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i have been around for a while -- we have all worked on the shopping cart. we have worked on transactions, processing systems, they met. how important is it on the web site -- it has to work, and has to work in scale, and all that, but it is not very important, right? what is important is they are trying to deliver information that is personal to you. let's take our favorite banking website. go to the website. you have to log in, right? from that point on, all you see is a transaction processing system, right? it does not actually care who you are. it has no idea who you are. the consumer internet sees " is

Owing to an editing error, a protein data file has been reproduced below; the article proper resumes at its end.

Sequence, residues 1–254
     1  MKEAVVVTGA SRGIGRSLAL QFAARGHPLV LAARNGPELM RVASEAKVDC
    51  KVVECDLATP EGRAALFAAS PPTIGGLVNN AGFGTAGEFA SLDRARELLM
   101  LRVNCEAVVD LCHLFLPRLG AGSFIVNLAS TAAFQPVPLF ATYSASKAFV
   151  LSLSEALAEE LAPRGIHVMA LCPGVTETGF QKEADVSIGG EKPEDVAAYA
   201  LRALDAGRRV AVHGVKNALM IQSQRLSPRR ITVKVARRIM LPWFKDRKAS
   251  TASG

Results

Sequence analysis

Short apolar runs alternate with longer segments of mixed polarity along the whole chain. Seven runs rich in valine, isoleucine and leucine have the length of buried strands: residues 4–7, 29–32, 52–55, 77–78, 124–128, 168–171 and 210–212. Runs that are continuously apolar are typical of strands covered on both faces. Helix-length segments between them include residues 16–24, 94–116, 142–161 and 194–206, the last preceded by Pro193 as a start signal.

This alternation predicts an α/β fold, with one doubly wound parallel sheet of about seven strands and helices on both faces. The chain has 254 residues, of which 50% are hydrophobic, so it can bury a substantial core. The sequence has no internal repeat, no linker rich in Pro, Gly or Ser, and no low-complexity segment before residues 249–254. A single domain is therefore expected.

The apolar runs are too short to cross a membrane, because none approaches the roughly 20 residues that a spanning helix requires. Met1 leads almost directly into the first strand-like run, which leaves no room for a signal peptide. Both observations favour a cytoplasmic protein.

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200 terabytes. that is all it is. not very big. the challenge is how do you get it. how do you take that information? i hate shopping at home depot, okay? i do not really like going there. however, think about this scenario. what if three weeks ago, i bought tile, and two weeks ago, i bought a faucet, and last week, i bought a sink, and this week, i bought a vanity mirror? what am i doing? probably remodeling my bathroom, right? by the way, they also could know that i have actually spent $10,000 over the past four